7
$\begingroup$

I am deriving logistic regression's likelihood. I have seen two different versions:

$$\begin{equation} f(y|\beta)={\displaystyle \prod_{i=1}^{N} \frac{n_i} {y_i!(n_i-y_i)!}} \pi_{i}^{y_i}(1-\pi_i)^{n_i - y_i} \tag 1 \end{equation}$$

Or this

$$\begin{equation} L(\beta_0,\beta_1)= \displaystyle \prod_{i=1}^{N}p(x_i)^{y_i}(1-p(x_i))^{1-y_i} \tag 2 \end{equation}$$

Why is there $\frac{n_i} {y_i!(n_i-y_i)!}$ in equation 1?

Sources:

  1. First: https://czep.net/stat/mlelr.pdf (page 3 equ. 2)
  2. Second: http://www.stat.cmu.edu/~cshalizi/uADA/12/lectures/ch12.pdf (page 5 equ. 12.6)

Note: This question is not a duplicate of What does "likelihood is only defined up to a multiplicative constant of proportionality" mean in practice? One can trace the answer back to binomial distribution, after seeing how it is done. But nobody would have known the question in that post is the answer to this question.

$\endgroup$
  • 6
    $\begingroup$ That factor should be there, but if you are looking for the $\beta$ that maximises this function then, as the factor does not depend on $\beta$ it will not have an influence on the $\beta$ where you have the maximum. By the way, you lost the $\Pi$ in the second formula. $\endgroup$ – user83346 Sep 8 '17 at 16:07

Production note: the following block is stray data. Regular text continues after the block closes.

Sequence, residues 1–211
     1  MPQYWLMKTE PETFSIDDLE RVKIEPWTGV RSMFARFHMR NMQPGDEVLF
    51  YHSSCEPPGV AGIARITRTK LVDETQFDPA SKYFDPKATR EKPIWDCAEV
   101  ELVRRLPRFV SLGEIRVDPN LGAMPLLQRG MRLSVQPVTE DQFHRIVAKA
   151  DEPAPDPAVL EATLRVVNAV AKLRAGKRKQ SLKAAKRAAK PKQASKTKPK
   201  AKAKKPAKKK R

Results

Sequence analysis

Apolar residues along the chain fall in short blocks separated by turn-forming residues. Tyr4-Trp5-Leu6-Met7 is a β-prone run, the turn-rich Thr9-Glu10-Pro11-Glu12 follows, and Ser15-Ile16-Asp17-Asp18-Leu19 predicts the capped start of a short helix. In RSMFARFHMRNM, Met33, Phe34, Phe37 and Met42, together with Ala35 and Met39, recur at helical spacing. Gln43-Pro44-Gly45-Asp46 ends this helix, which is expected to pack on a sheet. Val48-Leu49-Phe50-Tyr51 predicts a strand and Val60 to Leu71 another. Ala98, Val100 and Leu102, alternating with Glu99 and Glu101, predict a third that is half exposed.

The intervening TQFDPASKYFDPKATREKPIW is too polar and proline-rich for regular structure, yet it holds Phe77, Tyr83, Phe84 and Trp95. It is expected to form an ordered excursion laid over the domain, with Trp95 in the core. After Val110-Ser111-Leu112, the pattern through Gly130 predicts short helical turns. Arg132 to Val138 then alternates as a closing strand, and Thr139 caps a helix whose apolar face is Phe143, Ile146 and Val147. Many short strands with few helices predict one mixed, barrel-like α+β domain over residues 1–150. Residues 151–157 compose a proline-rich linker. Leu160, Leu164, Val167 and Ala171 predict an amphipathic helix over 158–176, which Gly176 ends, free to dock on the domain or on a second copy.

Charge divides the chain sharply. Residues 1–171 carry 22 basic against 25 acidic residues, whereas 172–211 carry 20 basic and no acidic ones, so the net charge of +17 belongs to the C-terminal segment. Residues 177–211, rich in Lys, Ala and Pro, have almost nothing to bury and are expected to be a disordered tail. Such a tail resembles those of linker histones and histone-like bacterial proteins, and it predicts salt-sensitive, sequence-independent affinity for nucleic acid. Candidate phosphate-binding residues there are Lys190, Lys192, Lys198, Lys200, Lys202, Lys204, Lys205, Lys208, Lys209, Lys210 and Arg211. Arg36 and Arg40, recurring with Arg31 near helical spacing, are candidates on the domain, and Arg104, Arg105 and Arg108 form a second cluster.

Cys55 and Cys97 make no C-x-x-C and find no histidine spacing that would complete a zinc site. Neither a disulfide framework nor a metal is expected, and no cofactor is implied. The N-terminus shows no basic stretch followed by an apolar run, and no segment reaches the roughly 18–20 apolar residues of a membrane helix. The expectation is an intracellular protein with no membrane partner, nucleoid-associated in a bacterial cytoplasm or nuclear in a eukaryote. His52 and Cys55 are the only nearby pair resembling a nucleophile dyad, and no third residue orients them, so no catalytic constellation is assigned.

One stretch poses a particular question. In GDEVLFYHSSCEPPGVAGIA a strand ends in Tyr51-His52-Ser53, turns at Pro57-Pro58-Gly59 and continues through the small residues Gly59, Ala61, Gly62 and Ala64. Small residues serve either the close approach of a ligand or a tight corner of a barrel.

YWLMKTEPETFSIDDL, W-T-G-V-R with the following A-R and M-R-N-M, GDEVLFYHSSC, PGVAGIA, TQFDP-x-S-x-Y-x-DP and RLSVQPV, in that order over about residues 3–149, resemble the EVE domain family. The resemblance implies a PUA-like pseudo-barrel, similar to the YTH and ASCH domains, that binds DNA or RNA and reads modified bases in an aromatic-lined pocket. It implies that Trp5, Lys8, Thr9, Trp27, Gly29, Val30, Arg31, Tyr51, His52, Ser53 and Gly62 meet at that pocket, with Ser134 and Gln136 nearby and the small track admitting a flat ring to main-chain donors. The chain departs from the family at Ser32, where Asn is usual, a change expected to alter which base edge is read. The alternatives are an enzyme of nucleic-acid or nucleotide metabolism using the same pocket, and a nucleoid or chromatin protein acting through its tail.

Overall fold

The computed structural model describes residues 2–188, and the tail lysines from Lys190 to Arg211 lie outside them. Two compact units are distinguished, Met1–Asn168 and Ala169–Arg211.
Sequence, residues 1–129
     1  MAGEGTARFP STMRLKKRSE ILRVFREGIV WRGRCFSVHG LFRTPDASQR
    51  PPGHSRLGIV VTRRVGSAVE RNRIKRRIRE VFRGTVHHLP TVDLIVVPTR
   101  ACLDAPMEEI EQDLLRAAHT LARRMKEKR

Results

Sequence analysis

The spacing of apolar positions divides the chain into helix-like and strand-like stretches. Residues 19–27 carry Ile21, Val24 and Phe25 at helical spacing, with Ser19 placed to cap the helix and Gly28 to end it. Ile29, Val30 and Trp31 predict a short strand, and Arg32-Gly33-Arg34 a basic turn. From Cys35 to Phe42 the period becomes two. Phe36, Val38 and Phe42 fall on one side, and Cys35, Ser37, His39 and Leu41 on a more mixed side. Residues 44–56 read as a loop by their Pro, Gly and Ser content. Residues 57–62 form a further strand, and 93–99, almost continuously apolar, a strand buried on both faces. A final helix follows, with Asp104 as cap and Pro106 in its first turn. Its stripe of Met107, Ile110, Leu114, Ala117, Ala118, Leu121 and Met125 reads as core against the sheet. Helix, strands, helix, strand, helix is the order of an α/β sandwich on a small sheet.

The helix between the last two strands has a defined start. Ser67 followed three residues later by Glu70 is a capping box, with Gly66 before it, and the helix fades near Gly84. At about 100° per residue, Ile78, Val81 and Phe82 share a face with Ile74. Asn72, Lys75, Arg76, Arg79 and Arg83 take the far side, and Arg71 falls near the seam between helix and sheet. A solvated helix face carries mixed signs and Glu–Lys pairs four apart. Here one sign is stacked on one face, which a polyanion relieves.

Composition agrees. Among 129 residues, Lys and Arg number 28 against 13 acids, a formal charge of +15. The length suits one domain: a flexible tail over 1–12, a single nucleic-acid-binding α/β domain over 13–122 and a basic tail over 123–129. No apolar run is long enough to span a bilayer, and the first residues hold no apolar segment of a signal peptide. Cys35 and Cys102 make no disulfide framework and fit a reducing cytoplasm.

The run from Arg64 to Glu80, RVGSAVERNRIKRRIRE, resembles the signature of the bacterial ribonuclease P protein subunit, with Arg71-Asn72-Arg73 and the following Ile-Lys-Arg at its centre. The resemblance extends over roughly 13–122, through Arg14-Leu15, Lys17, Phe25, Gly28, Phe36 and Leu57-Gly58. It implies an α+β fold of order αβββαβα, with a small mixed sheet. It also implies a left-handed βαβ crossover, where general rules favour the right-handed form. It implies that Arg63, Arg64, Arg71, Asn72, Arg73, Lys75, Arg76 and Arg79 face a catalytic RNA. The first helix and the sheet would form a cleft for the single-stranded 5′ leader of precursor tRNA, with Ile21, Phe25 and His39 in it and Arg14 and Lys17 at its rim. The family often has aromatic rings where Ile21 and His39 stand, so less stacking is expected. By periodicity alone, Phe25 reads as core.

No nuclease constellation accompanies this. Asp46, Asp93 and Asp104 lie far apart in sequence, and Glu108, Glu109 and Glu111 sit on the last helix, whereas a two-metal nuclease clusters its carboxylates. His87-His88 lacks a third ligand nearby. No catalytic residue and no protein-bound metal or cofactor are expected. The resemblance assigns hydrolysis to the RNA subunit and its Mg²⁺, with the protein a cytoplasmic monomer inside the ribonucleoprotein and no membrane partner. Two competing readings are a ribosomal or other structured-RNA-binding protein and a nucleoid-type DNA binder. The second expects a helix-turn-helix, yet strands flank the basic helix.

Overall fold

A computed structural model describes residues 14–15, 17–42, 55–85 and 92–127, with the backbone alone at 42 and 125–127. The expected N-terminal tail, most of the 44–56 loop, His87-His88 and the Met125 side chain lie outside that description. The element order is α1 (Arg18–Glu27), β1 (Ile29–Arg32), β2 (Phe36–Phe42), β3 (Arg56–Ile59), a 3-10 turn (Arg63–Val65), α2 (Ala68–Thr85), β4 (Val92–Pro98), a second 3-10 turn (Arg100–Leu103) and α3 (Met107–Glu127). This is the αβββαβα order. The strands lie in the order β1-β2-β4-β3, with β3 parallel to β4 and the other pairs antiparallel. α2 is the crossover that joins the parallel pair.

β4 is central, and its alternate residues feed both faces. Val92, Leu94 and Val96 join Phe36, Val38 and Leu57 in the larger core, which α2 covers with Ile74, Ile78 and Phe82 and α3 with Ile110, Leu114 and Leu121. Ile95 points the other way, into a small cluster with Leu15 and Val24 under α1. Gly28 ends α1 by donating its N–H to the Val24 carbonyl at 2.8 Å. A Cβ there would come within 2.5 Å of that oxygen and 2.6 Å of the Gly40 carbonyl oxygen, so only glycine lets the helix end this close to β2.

• $\begingroup$ Even after seeing the note (and, digging deeper, seeing the close and reopen), I too would have said "likelihood functions are defined up to proportionality" was the answer to this question. Here, it does not matter whether you know the order of the observations or not, as they lead to proportional likelihood functions $\endgroup$ – Henry Sep 9 '17 at 1:24
11
$\begingroup$

The second is a special case of the first. Your first reference discusses the case where each $y_i$ is distributed as a Binomial distribution with sample size $n_i$, while the second reference assumes each $y_i$ is a Bernoulli random variable. That is the difference: when each $n_i = 1$, $\frac{n_i} {y_i!(n_i-y_i)!} = 1$.

Some quotes supporting this: from 2.1.2 in the first reference:

Since the probability of success for any one of the $n_i$ trials is $\pi_i$...

And from the first section in the second reference 12.1:

Let's pick one of the classes and call it "$1$" and the other "$0$"...

| cite | improve this answer | |
$\endgroup$

Your Answer

By clicking “Post Your Answer”, you agree to our terms of service, privacy policy and cookie policy

Not the answer you're looking for? Browse other questions tagged or ask your own question.